Linamar helped by ventilator contracts as automobile sales plummeted
August 10, 2020 | By Anita Balakrishnan, The Canadian Press
GUELPH, Ont. – Linamar Corp. executives said this week that making ventilators for COVID-19 relief is one of many ways the manufacturing company powered through plummeting auto sales.
The company based in Guelph, Ont., saw its latest quarterly sales slashed by more than half amid the COVID-19 pandemic. But Linamar, which focuses on manufacturing transportation parts and machinery, has also taken on five contracts to produce fully assembled ventilators.
“We are often questioned on how we will handle a changing landscape,” said chief executive Linda Hasenfratz. “We see technology change as only one thing – opportunity, and we will continue to chase those opportunities.”
Sales for the three months ended June 30 totalled $923.6 million – down from roughly $2.09 billion in the same period the previous year.
Hasenfratz estimated that COVID-19 was the single biggest impact, leaving a $1.13 billion dent in sales. Auto sales were down 63.5 per cent in North America and 59.7 per cent in Europe, Hasenfratz estimated.
Second-quarter sales in its industrial segment fell 56.7 per cent and in its transportation segment 55.3 per cent, partly due to adverse conditions associated with the pandemic.
Its industrial business includes agricultural harvesting machines. Hasenfratz cited a tough harvest last year, tariffs, and political backlash that is “hurting” North American farmers, particularly soybean and canola farmers and Canadian farmers.
Overall, the manufacturer said it recorded a net loss of $37.9 million or 58 cents per diluted share, compared with a net profit of $150.2 million or $2.28 per share in the same quarter of 2019.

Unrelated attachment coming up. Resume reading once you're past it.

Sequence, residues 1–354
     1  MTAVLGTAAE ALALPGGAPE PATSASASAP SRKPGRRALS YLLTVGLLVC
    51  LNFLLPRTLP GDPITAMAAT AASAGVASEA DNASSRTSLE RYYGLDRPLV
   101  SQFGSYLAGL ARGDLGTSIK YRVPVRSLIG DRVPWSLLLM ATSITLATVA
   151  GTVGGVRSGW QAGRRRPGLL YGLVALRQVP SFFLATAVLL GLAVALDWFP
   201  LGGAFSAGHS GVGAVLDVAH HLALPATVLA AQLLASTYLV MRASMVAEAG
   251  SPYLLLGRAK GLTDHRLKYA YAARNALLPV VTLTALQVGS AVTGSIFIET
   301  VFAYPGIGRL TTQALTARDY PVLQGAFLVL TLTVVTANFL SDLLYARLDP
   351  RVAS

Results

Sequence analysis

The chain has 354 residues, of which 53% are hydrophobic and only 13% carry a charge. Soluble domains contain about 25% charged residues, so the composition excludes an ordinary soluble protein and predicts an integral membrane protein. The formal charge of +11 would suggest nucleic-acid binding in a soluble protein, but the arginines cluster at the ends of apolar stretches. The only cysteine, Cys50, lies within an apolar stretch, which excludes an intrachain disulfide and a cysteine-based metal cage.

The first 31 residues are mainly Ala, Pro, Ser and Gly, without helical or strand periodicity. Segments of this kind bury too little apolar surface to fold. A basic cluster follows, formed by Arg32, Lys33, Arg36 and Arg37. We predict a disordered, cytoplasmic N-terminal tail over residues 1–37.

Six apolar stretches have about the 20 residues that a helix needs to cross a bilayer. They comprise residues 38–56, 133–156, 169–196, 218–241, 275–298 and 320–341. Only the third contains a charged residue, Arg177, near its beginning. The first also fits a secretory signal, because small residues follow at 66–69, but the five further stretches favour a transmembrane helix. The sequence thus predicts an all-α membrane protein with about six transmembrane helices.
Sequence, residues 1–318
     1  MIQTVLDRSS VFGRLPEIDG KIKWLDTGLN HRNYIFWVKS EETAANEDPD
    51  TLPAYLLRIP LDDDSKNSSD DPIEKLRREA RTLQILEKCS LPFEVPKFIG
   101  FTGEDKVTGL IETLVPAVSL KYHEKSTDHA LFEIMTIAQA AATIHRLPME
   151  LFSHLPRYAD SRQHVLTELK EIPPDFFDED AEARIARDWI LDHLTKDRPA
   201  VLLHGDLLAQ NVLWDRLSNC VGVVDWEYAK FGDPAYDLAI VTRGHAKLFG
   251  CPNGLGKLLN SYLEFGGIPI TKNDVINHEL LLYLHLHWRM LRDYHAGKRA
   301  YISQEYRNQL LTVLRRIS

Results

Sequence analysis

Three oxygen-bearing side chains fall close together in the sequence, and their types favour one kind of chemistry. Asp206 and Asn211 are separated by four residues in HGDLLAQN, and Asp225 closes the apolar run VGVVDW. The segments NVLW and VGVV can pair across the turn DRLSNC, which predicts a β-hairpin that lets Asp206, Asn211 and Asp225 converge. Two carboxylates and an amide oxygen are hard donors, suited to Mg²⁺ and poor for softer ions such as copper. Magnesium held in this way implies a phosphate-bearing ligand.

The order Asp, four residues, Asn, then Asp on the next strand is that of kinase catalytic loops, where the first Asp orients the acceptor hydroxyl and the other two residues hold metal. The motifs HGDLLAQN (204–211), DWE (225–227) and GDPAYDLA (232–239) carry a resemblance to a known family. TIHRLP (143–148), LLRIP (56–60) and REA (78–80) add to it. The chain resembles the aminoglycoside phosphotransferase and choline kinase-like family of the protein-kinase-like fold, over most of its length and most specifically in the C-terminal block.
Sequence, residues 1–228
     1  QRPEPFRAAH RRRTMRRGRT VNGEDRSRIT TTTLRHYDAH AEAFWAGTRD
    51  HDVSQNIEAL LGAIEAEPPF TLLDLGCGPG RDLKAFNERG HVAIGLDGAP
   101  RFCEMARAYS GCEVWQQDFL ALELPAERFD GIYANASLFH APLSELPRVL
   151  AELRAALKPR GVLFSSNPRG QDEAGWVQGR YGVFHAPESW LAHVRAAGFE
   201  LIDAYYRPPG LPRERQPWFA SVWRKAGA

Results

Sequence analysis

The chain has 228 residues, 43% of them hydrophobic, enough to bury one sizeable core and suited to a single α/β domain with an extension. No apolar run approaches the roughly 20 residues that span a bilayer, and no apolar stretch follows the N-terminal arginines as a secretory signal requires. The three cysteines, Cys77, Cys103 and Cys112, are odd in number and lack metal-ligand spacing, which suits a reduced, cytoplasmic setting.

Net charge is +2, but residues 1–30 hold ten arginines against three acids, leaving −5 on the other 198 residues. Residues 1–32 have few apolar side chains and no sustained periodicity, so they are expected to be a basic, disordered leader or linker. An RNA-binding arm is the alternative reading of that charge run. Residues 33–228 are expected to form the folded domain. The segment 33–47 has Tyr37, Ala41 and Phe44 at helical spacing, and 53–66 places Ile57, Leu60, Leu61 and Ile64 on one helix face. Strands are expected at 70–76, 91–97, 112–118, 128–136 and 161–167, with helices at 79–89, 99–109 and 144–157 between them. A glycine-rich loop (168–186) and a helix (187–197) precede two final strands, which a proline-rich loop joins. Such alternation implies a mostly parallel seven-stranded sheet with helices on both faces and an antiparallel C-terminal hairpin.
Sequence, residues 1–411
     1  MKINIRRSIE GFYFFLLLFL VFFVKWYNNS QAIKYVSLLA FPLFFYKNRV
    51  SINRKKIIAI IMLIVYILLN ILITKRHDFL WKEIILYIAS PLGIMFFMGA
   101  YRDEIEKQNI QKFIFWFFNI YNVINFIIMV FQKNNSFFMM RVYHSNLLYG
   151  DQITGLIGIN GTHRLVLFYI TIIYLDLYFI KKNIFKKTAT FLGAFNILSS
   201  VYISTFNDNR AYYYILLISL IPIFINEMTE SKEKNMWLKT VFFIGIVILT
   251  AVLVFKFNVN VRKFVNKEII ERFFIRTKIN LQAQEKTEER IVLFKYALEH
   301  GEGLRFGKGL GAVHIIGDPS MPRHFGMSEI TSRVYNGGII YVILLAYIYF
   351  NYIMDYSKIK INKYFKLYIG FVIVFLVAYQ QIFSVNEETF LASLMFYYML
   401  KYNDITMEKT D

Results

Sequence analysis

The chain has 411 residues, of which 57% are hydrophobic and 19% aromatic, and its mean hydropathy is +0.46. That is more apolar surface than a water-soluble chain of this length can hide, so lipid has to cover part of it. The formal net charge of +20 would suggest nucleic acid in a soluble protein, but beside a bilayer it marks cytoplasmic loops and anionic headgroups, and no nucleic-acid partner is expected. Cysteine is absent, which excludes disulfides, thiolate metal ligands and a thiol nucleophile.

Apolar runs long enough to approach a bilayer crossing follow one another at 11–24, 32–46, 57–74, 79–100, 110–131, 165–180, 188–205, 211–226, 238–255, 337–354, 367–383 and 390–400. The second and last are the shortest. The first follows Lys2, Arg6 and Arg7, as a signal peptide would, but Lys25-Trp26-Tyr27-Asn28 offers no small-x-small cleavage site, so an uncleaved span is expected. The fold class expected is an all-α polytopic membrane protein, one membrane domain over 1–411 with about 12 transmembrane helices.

Despite the slide, Hasenfratz estimated that the second quarter is the trough or low point for the pandemic, but said that even in the case of a second shutdown, the company forecasts being profitable.
“There is still a lot of uncertainty out there and now is not the time to become complacent,” she said.
Hasenfratz said the company had cut capital spending by 18 per cent, and had scraped out about $30 million in annualized savings.
Linamar said its normalized net loss totalled $22 million or 34 cents per share for the quarter, down from a net profit of $158.3 million or $2.40 a share.
Analysts expected a net loss of $72.45 million or $1.34 per share, and a normalized net loss of $23 million or 80 cents per share, according to financial markets data firm Refinitiv.
In addition to trimming travel expenses and taking advantage of government relief, Hasenfratz said the company was able to save on costs like uniform cleaning and trash collection when fewer employees were present at workplaces.
Although the workforce has seen “sporadic cases” of COVID-19 popping up, more than 90 per cent of employees are back to full-time work and the company has contained and stopped any transmission onsite, she said.
“We have had no serious outbreaks in any of our plants,” she said. Chief operating officer Jim Jarrell added that while there will be more COVID cases that pop up among car manufacturers and suppliers, there is a “commitment to keep going.”
“We’ve got to be doing both things: Keep people safe and keep livelihoods going,” said Jarrell.
Going forward, Hasenfratz predicted a boost from electric vehicles, noting that fully electric vehicles are set to surpass hybrids for the first time.
“Electrified vehicles continue to present a great opportunity for us,” she said.
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